What can a good night’s sleep do for you? The list is longer than you might think.
Dr. Michael Howell, a sleep medicine doctor and associate neurology professor at the University of Minnesota, can tick off the health benefits: “Your mood is better. You’re better able to deal with stress,” he said.
“You make sharper, better decisions. You have improved reaction times and you’re able to master motor skills better. Better ability to be more successful creatively. For everyone, and teenagers in particular, less impulsive, unhealthy behavior, better ability to retain academic content. Long term, you have improved cardiovascular health, lower blood pressure, decreased risk of heart attacks, strokes, congestive heart failure,” Howell continued. “Lower risk of diabetes and obesity. Lower risk of cancer.”
Sleep is something we all desperately need, but for too many of us, getting enough of it is difficult. I fight through groggy mornings. You might struggle with being able to drift off at night.
That’s why the Star Tribune is hosting a 30-day Sleep Challenge.
The goal is to spend the next four weeks learning about the science of sleep, taking the steps to make sleep a priority and working with your natural sleep patterns so you can get a good night’s rest.
30-day Sleep challenge
Over the course of four weeks, make sleep a high priority, discover your natural sleep cycles and try small adjustments that local experts say can make a big difference in how well rested we are. Each week we’ll introduce a specific challenge, set snooze goals and provide information about the science of sleep.
Join the challenge
Each week, online and in the Sunday print edition, we will have specific challenges and snooze goals, advice from local experts like Howell, and the chance to get answers to your most pressing sleep-related questions.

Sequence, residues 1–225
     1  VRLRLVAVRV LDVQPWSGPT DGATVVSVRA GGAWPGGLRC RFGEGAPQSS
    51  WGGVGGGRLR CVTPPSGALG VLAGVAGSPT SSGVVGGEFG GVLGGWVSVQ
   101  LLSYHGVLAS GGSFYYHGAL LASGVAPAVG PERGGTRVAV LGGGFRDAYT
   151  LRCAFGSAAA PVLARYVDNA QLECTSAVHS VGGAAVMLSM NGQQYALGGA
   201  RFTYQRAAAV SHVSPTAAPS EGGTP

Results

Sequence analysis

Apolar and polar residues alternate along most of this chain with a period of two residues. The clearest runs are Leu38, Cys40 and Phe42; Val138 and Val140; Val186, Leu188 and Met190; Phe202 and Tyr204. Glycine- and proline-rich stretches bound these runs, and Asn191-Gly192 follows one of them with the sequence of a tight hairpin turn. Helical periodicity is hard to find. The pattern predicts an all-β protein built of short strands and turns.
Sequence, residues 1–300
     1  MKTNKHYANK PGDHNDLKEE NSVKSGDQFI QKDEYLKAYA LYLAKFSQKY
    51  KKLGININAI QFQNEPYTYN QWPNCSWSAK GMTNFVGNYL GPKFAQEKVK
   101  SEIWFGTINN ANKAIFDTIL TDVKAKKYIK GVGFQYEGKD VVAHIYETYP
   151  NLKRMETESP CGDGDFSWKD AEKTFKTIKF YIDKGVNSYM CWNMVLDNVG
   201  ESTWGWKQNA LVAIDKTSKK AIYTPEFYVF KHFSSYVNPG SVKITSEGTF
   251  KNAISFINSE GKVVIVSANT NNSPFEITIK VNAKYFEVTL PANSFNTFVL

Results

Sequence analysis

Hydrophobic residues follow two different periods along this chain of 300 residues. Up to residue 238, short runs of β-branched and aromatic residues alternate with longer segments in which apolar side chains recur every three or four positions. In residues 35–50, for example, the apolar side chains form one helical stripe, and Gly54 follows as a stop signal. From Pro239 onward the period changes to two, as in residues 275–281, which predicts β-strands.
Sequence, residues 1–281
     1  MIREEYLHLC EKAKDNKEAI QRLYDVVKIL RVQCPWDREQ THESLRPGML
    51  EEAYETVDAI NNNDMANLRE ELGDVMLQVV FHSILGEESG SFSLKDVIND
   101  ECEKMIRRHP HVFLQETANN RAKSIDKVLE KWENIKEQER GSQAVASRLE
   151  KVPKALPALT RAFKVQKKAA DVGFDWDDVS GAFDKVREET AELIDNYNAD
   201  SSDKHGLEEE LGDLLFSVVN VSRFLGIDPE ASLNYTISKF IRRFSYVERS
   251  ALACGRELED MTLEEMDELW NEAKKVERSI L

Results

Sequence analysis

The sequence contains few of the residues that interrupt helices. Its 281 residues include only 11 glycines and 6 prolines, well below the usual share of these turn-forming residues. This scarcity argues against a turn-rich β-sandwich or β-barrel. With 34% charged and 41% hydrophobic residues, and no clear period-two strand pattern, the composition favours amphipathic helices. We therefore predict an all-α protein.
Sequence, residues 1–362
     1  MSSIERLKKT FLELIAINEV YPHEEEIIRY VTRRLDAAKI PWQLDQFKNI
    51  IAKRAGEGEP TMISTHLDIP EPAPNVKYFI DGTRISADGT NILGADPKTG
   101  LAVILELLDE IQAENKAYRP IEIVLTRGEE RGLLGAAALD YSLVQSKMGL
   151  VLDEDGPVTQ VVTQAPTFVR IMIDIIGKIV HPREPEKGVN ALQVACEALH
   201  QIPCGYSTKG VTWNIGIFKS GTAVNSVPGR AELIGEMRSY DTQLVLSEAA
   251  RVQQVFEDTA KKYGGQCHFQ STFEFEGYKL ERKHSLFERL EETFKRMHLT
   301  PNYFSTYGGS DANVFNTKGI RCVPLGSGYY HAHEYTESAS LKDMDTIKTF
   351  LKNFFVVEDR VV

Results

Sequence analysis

For adults, doctors recommend seven or more hours of sleep in a 24-hour period. But as anyone who has fitfully dozed through a red-eye flight or been awakened repeatedly by a restless toddler knows, sleep quality, not just quantity, is important. We will look at ways to boost both.
While some parts of the challenge will involve taking familiar but difficult-to-execute steps — like avoiding screens in the last few hours before bed, or nixing caffeine after 3 p.m. — others may seem surprising or counterintuitive.
Many people’s sleep can benefit from changes to morning and daytime routines, for example. And while it seems like a virtuous choice, going to bed early, before you feel sleepy, is often a terrible idea, Howell and other experts say.
We’ll try some of the healthy habits that sleep doctors recommend and find out why some experts suggest sleep hacks like power naps, light-therapy lamps and meditation apps.
Consider joining us. The first weekly challenge will begin Sunday.
For those who want group support, conversation and community around the challenge, we will be moderating a private Facebook group with daily check-ins, discussion and more. Here’s the link to join: bitly.com/STsleepy.
Let the snoozefest begin!